April 2009
Volume 50, Issue 13
ARVO Annual Meeting Abstract  |   April 2009
Multifocal Visual-Evoked Potentials in Patients With Graves’ Ophthalmopathy
Author Affiliations & Notes
  • R. Blanco
    Departamento de Cirugia y Oftalmologia, Universidad de Alcala, Alcala de Henares (Madrid), Spain
  • C. Perez-Rico
    Departamento de Oftalmologia, Hospital Principe de Asturias, Alcala de Henares (Madrid), Spain
  • N. Rodriguez
    Departamento de Oftalmologia, Hospital Universitario de Guadalajara, Guadalajara, Spain
  • I. Roldan
    Departamento de Oftalmologia, Hospital Principe de Asturias, Alcala de Henares (Madrid), Spain
  • Footnotes
    Commercial Relationships  R. Blanco, None; C. Perez-Rico, None; N. Rodriguez, None; I. Roldan, None.
  • Footnotes
    Support  FIS 051495
Investigative Ophthalmology & Visual Science April 2009, Vol.50, 5888. doi:
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      R. Blanco, C. Perez-Rico, N. Rodriguez, I. Roldan; Multifocal Visual-Evoked Potentials in Patients With Graves’ Ophthalmopathy. Invest. Ophthalmol. Vis. Sci. 2009;50(13):5888.

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      © ARVO (1962-2015); The Authors (2016-present)

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Purpose: : Clinical dysthyroid optic neuropathy, although infrequent, is one of the most serious complications of Graves’s ophthalmopathy (GO). The aim of this study was to investigate by means of the multifocal visual evoked potentials (mfVEP) early neuropathic changes in GO patients without any clinical symptoms of dysthyroid optic neuropathy (NO) in order to evaluate the prevalence of subclinical optic neuropathy.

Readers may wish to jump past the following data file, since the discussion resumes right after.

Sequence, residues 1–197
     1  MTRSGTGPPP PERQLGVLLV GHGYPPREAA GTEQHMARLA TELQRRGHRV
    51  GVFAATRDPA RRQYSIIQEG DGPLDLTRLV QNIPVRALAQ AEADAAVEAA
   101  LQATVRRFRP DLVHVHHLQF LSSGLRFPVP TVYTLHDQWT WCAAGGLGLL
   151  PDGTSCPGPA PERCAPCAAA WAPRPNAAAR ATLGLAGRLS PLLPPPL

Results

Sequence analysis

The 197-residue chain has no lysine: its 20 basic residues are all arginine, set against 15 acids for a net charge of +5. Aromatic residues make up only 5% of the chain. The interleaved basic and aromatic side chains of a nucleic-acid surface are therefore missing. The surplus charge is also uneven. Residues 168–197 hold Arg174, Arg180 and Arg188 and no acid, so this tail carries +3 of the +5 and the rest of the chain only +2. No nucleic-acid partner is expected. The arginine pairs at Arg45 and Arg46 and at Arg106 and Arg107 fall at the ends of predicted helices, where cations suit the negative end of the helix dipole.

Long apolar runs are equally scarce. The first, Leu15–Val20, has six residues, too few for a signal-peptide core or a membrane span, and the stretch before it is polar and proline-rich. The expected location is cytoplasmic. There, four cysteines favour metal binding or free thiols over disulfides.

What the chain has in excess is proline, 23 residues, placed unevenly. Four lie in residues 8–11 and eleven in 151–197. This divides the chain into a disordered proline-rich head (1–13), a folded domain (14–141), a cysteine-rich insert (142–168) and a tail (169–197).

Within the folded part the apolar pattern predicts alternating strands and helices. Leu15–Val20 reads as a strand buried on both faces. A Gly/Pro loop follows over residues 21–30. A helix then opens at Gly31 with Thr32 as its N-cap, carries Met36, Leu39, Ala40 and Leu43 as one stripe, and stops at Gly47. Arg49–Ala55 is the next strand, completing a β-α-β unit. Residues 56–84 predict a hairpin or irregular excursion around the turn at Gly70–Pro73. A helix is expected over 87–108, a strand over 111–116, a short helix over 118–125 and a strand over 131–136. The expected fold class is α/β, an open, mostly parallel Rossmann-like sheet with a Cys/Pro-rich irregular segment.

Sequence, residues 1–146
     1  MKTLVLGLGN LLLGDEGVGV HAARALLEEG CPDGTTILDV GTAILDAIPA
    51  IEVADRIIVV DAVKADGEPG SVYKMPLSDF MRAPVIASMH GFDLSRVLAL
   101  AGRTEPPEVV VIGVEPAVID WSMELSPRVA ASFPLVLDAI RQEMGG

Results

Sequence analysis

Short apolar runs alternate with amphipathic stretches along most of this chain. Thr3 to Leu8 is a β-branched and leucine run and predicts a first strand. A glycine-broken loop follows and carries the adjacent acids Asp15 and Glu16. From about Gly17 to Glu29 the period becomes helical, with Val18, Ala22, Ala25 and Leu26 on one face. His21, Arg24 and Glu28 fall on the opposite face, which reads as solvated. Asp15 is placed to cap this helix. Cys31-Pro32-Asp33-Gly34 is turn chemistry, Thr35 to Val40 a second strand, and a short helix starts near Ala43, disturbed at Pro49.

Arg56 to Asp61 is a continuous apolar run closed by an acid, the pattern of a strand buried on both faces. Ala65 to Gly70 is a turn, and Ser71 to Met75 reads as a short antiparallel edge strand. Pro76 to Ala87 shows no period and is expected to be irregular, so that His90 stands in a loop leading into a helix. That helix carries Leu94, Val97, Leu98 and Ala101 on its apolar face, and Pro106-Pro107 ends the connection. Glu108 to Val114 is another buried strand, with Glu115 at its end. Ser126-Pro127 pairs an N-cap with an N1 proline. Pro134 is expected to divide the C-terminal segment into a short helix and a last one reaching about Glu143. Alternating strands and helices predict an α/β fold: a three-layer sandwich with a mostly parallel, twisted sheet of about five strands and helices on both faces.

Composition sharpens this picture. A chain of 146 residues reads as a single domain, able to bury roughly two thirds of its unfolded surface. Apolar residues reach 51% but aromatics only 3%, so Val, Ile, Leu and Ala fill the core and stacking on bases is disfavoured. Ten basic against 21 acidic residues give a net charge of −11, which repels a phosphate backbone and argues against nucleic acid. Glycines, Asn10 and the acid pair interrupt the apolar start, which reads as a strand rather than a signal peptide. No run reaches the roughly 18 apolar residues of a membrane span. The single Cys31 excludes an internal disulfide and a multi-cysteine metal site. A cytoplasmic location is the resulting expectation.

Methods: : Static automated perimetry (Humphrey, Zeiss), optic coherence tomography (Stratus 3.0, Zeiss) and mfVEP recordings (Veris 5.4, EDI) were obtained in thirty four patients with GO without any clinical signs of dysthyroid ON and in twenty healthy controls.

Results: : mfVEP latencies were significantly delayed in the GO group (fifteen patients) in comparison with controls. mfVEP amplitudes were also significantly reduced in the GO group (nine patients) when compared with the healthy group. Consistent visual field defects were shown in up to thirty per cent of GO patients, however, the change in the mfVEP amplitudes or latencies did not agreed with the visual field findings with regard to topography when present. Retinal nerve fiber layer (RNFL) measurements in the GO group did not differ significantly from the control group and it did not show any correlation with the mfVEP amplitudes or latencies changes.

Conclusions: : The assessment of mfVEP latencies and amplitudes in Graves’ ophthalmopathy patients is a very sensitive and objective indicator of incipient optic neuropathy in the clinic.

Keywords: electrophysiology: clinical • imaging methods (CT, FA, ICG, MRI, OCT, RTA, SLO, ultrasound) • neuro-ophthalmology: diagnosis 

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